by Anonymous1 (not verified) :: Fri, 02/03/2012 - 5:26pm

The "bad games in bunches" is a very recent phenomenon. Until the last year or so, Brady had a well documented stretch of putting together impressive rebound performances. I also think it needs to be noted that he was playing with a significant elbow issue during the 2011 games you mentioned, severe enough to have Ben Roethlisburger running for the nearest microphone.

The reason why he might not have the same issues as the AFCCG is that Baltimore is dramatically better than NY in the back seven. They actually did a decent job of sticking with receivers even when the rush didn't get there, and it is hard to see NY doing as well. I agree that there were signs that Baltimore would struggle to get to Brady, whereas NY has been playing their best ball of late. That said, it has been a while since NY has faced a good offensive line.

by dmstorm22 :: Fri, 02/03/2012 - 6:57pm

Atlanta did rank #7 in ASR for an o-line, and DAL ranked 13th, so they haven't played any great o-lines, but they haven't feasted on horrible ones either (Jets 17th, San Fran 23rd and GB 25th were the other three games).

The Pats are 8th. I don't expect a repeat of Super Bowl XLII, but I wouldn't be surprised if the Giants d-line gets to Brady quite a bit.

by rich316 :: Fri, 02/03/2012 - 7:19pm

Speaking of SB 42, watching the highlights it really struck me how much faster Tuck looked only 4 years ago. His explosiveness looked downright JPP-esque, whereas now he relies much more on his excellent technique to get in the backfield. Every athlete loses a half-step from his early 20s to his late 20s, but I think overrating of the NYG pass rush stems from the fact that people think he is the guy he was back then, when the eye test says that he's not. On the other hand, 30 year old Osi looks as fast as ever despite similar injury history. If the Giants let Osi go this offseason, they will miss him a lot.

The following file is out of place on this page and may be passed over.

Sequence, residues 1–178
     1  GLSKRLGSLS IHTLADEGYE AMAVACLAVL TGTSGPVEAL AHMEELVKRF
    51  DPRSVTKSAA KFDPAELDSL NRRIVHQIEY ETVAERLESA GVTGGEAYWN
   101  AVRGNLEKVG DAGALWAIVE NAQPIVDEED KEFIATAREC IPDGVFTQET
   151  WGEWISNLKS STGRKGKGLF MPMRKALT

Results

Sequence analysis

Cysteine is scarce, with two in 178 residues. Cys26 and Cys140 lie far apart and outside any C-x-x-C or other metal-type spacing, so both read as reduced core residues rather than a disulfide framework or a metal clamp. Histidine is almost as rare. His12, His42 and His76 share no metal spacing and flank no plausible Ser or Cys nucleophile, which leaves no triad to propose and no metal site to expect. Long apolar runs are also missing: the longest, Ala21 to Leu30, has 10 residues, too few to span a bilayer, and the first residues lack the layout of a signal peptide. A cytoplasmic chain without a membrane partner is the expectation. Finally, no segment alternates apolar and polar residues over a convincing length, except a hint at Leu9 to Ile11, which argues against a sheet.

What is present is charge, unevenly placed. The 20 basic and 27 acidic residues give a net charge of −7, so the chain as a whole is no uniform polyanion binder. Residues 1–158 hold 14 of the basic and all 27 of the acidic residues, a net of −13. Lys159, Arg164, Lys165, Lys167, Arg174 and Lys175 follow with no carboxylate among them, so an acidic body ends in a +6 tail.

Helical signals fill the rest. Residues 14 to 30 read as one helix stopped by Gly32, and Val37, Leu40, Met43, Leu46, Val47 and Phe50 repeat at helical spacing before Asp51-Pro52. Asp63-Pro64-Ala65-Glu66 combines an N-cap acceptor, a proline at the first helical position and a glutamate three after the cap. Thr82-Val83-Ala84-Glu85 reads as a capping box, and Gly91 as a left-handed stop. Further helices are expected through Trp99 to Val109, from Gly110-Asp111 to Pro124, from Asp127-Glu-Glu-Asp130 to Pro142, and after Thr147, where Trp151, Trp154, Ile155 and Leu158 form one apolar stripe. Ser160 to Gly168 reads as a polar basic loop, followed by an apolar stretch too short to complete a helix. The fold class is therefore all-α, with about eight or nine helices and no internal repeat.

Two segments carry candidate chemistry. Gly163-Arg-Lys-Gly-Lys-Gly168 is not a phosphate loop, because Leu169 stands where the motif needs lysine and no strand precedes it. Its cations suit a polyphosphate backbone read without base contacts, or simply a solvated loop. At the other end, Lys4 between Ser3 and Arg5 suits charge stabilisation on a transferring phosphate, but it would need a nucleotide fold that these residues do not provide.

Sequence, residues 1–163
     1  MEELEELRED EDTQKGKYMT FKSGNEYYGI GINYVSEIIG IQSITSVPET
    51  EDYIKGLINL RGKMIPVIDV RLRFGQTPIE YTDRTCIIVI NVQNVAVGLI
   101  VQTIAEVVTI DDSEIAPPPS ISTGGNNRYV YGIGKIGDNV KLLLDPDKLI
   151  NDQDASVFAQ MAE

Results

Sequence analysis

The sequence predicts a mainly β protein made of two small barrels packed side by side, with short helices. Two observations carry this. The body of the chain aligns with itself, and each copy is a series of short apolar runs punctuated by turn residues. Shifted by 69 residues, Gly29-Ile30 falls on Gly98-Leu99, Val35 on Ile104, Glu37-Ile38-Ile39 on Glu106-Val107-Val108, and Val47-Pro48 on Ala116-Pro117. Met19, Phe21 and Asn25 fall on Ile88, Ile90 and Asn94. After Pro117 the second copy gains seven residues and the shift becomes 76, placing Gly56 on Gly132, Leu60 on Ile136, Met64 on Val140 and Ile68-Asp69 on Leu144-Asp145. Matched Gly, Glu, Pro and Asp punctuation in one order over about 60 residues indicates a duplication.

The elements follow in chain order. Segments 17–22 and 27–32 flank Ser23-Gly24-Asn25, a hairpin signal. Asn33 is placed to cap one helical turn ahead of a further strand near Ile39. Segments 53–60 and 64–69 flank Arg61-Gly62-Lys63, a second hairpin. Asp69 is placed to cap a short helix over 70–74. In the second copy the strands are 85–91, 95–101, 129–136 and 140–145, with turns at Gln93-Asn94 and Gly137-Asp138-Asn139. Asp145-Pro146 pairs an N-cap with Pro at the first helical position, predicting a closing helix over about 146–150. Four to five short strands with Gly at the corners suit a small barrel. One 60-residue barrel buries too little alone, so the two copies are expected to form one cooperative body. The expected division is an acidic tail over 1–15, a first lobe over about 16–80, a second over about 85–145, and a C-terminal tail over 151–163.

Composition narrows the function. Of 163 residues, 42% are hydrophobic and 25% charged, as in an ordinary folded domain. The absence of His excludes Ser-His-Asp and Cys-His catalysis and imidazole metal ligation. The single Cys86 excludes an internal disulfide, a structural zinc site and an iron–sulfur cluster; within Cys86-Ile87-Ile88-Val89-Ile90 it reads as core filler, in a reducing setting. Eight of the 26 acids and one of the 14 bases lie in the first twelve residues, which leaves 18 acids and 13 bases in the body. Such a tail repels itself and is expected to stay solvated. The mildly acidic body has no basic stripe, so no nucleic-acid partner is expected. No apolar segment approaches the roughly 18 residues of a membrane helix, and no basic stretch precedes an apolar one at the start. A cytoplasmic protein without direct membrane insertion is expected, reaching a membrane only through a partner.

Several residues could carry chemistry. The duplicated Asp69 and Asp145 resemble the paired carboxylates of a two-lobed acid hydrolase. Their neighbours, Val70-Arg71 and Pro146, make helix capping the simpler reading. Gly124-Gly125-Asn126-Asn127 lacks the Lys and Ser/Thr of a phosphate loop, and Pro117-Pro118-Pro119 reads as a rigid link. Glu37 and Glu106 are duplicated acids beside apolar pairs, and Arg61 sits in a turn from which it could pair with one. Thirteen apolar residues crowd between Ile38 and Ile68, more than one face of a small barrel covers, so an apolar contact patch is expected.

by John Doe :: Fri, 02/03/2012 - 9:32pm

Tuck has been battling injury all season long. His performance has been great up until this year and I expect that he will be back to his old self, possibly after a surgery or two.

by Will Allen :: Fri, 02/03/2012 - 3:16am

Drew Brees plays behind the best offensive line in the league, with at least nine games in a domed stadium. Rodgers was great, obviously, but he came out of the chutes with a receiving corps that was primed to produce. Manning plays behind a mediocre line, in a stadium not conducive to passing, and with a receiving corps that took a good chunk of the season to gel. No, I'm not saying I would take Manning over Rodgers (I might take him over Brees if I'm playing in the Meadowlands behind a significantly lesser o-line), but I really think we overestimate the degree to which the production metrics mirror individual performance. Manning, as you note, is a step up from what the Pats have seen since they last played the Giants, and I'd argue a huge step up from the likes of Tebow, Palko, Orlovsky, Young, Grossman, or Moore. Just Manning's ability to get the Giants into the right play, against a secondary with significant vulnerabilities, makes a big difference.